French President Emmanuel Macron's new government took a tough line on Calais migrants Friday, with his interior
minister saying he does not want the northern port to become an “abscess”.
Making his first visit to a city which has for years been a magnet for migrants and refugees hoping to cross to Britain, Interior Minister Gerard Collomb (see pic below) ruled out building a reception centre for asylum-seekers in Calais, saying it would only encourage more people to come.
“We've seen this before, it starts with a few hundred people and ends with several thousand people who we can't manage,” Collomb said as he met with security forces, officials and aid workers in Calais.
“That's why we don't want a centre here.”
Instead, Collomb said, “we are going to reinforce security with the arrival of two additional mobile security force units to stop any new camps from forming.”
Authorities shut down the notorious “Jungle” camp in Calais, which at its height was home to some 10,000 people living in dire conditions, last October.
(Interior Minister Gerrard Collomb – centre – meets police in Calais. AFP)
But hundreds of migrants — mostly Afghans, Sudanese and Eritreans — are still at the port, clashing sporadically with police as they try every night to stow away onto trucks heading to Britain.
This week a Polish driver was killed when his truck burst into flames after hitting a roadblock, set up by migrants hoping to slow the traffic to make it easier to jump onto vehicles.
The roadblocks began reappearing in late May with a new uptick of migrants in the region — and a surge for Europe, with Italy registering more than 65,000 arrivals since January.
While the tent city of the Jungle is gone, migrants say conditions in Calais are bleaker than ever.
“There is no tap and we cannot drink, we cannot wash. There is nowhere to sleep. At night I sleep without a tent on the 'mountain',” said Jamal, a 24-year-old Afghan, pointing to a huge rubbish dump.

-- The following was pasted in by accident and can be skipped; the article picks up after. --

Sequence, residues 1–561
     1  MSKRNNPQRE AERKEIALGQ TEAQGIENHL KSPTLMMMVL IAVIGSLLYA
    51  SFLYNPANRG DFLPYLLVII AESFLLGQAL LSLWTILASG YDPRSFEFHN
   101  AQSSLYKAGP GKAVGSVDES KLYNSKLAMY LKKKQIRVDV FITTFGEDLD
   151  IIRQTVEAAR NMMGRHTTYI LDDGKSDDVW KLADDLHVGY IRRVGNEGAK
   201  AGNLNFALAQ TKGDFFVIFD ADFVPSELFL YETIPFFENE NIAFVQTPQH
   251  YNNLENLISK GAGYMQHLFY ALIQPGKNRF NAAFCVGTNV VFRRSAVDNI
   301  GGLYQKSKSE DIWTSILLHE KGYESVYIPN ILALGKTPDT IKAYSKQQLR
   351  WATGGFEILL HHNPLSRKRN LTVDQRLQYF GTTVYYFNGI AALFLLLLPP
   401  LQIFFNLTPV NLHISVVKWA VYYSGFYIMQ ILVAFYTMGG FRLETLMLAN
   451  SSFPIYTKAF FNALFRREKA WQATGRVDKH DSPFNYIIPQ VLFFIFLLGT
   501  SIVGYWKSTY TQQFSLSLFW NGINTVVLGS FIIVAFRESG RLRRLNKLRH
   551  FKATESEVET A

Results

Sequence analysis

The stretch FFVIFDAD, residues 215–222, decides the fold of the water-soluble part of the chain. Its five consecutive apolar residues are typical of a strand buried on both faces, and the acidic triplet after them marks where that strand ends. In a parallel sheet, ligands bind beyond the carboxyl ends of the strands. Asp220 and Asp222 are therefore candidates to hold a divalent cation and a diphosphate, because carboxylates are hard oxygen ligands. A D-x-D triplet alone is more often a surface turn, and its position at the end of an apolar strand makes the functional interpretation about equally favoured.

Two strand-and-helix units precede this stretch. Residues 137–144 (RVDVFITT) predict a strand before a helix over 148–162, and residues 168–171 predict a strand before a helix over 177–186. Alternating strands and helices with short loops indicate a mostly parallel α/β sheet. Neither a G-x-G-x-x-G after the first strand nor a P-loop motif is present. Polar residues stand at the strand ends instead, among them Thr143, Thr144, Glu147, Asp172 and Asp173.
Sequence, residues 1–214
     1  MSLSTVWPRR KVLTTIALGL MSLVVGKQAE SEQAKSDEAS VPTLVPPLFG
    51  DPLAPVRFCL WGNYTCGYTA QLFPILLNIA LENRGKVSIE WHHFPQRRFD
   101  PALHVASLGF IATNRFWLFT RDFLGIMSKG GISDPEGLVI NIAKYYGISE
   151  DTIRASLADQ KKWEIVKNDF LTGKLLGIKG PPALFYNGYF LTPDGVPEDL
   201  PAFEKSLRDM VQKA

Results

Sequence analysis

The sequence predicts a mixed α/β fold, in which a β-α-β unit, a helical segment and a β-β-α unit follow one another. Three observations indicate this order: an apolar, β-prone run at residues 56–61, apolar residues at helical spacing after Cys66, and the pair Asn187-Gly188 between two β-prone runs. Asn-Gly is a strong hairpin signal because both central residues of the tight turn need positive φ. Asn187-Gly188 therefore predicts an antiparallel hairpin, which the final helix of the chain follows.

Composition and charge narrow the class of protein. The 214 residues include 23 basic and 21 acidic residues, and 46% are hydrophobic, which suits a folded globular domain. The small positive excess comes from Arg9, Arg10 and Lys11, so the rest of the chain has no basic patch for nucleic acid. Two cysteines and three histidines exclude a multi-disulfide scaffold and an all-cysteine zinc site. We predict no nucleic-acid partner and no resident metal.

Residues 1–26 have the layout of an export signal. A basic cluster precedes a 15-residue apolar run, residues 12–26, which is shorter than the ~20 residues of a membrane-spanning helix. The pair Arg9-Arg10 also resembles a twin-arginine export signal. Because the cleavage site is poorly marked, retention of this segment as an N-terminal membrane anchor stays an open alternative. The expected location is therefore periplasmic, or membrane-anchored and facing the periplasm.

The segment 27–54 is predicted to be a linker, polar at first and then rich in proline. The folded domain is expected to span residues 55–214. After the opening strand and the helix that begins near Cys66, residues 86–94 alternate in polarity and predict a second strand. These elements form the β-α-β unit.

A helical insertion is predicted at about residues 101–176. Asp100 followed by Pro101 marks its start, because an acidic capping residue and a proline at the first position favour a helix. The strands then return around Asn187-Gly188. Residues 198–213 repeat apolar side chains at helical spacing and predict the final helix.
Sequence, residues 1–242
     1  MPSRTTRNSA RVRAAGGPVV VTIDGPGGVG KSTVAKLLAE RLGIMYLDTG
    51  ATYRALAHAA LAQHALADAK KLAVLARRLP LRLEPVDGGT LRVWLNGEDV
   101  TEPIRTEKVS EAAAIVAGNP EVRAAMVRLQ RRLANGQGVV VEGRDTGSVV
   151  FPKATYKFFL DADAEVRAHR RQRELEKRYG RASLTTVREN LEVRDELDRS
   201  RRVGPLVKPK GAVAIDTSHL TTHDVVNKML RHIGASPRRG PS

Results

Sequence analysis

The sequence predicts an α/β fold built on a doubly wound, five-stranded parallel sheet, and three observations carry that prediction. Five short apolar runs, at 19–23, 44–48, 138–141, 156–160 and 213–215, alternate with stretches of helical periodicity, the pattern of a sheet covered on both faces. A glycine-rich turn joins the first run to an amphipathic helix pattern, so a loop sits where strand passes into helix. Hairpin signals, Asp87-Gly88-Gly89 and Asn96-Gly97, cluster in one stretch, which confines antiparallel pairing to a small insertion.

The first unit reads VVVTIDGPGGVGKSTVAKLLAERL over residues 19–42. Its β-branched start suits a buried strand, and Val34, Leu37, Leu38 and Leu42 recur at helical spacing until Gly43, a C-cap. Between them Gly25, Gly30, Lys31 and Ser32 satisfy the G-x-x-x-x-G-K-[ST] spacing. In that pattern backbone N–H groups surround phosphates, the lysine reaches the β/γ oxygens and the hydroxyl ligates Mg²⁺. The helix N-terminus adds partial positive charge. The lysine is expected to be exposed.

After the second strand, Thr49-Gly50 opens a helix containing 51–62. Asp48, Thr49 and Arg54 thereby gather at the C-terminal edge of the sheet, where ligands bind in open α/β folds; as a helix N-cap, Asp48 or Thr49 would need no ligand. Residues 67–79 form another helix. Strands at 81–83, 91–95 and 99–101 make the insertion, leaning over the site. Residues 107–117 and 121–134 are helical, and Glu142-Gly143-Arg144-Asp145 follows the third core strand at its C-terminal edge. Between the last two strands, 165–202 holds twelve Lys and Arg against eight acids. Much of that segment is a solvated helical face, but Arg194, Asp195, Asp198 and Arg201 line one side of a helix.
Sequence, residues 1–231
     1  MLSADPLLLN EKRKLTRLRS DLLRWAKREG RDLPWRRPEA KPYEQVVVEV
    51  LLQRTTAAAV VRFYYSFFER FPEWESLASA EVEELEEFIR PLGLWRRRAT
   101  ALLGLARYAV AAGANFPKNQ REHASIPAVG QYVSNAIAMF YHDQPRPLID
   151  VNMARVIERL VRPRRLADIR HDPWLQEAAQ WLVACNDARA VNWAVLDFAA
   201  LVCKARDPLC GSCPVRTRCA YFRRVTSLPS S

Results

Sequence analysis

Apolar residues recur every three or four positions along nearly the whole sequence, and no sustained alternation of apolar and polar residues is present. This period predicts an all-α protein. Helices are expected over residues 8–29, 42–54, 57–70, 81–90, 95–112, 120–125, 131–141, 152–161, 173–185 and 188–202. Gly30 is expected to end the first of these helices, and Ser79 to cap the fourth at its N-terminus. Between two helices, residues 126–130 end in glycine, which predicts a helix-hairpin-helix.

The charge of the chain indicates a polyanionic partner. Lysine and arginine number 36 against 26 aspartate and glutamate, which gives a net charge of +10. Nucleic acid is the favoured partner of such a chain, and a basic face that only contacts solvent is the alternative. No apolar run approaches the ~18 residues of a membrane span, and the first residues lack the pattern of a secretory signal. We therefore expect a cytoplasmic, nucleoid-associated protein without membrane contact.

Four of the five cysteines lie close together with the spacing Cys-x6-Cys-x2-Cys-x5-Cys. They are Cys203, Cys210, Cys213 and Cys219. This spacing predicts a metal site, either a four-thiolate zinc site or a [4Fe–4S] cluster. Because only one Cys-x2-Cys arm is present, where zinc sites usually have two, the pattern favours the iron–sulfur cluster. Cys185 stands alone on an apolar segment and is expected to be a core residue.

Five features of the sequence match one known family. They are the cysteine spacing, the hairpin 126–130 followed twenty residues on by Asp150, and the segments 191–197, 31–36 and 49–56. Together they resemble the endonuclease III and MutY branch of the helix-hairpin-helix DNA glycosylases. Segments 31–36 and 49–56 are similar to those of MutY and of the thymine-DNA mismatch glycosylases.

'They are not dirt'
Collomb pledged Friday to present Macron with a plan for asylum reforms in the next two weeks, vowing in particular to tackle African people-smuggling networks at their root.
Eleven charities went to court on Wednesday demanding the construction of a government refugee centre in Calais, deploring the miserable conditions in which migrants find themselves.
Collomb had angered aid groups with comments Thursday rejecting the proposal, saying that building such a centre would be like creating an artificial festering “abcess” that would keep growing.
“These people are not a disease, they are not dirt. They are men and women who have made a very difficult journey to flee their countries for reasons we all know about,” said Hicham Aly, an aid worker at the Secours Catholique charity.
Collomb argued that past experience showed that any official asylum facility in Calais would quickly overflow with arrivals, leaving authorities unable to cope.
“I'm suspicious of centres that are supposedly ready to welcome migrants for only a few days who end up staying for a long time,” he said.
He pointed to Sangatte near Calais, where a refugee centre that opened in 1999 quickly ran over its capacity of 800 residents. By the time it closed three years later, some 2,000 people were crammed into it.